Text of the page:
My personal way of trading this is to wait for the major correction, then go long. I may buy some index puts to play the downside, but I have no desire to put my ass on the line against “aunt” Janet’s unlimited printer. As a person retired in his mid 50’s, the potential gain isn’t worth the draw downs we are seeing. I can just continue to enjoy life on my dividends and interest, waiting for the juicy bargains when ever they occur.

    Something tells me you are too smart to really be 150% short. You may be that short for a small trading account. But I’ll bet the bulk of your net worth is in something safe, that you can rely on for the rest of your retirement. If I’m wrong about that, I hope you have stops in place. Either way, best of luck.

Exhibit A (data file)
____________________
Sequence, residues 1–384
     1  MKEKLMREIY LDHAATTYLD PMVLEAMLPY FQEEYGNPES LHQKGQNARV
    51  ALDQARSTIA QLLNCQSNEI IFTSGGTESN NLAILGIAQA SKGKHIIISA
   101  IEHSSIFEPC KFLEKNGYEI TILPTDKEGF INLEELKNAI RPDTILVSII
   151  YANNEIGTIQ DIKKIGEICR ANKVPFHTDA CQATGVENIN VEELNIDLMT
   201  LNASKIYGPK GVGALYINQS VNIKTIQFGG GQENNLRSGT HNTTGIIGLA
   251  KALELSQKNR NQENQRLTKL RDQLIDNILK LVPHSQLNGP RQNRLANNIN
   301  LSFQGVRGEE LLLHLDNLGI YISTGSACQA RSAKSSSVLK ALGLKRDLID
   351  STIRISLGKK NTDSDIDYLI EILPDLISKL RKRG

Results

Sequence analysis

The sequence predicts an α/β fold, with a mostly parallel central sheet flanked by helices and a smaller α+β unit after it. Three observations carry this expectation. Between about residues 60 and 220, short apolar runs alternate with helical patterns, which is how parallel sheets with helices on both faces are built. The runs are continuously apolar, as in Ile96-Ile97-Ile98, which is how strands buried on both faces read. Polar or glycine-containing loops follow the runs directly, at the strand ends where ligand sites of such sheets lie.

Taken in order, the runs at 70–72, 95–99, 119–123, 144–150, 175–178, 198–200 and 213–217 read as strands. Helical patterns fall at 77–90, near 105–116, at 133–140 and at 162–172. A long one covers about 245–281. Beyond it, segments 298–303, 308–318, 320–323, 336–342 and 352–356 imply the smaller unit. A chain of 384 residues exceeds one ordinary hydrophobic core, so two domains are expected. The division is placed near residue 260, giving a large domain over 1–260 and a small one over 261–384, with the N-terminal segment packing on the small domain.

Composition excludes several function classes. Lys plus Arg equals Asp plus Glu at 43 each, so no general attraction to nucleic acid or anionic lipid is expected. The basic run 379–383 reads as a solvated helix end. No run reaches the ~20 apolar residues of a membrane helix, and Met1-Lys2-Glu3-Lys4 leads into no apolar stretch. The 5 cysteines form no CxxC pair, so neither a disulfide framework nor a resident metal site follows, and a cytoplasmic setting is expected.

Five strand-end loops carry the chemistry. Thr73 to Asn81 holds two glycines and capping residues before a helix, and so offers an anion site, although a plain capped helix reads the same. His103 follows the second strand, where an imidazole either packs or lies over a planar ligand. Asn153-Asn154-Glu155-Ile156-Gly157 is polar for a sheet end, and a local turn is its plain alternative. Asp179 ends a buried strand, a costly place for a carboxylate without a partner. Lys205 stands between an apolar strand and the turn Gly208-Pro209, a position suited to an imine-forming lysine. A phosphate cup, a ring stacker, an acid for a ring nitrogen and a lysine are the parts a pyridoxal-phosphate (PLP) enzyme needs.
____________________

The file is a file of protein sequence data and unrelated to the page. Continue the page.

1. Thanks. No, I’m only 100-115% net short in my trading account. Apart from that I have a place to live (no mortgage) and unlisted investments

    1. It’s in the my e-book. I think it’s more instructive to look at the chart or to gauge the annualized return from inception in October 1999. Alternatively use the Hedge Fund Of The Decade period of January 2000 to December 2009.
      Anyway, the annualized return since inception was 21.5% I think. But check the book.

  3. Hey Sprezz, thanks for your truly exceptional blog – wish I’d discovered your work sooner. Couple of questions if you have a second…

    What are your latest thoughts on the gold price following the post-Brexit rally to $1,300, and the strengthening of the US$? (I’m UK based).
    Also, how are you thinking about which global equity market makes most sense to short?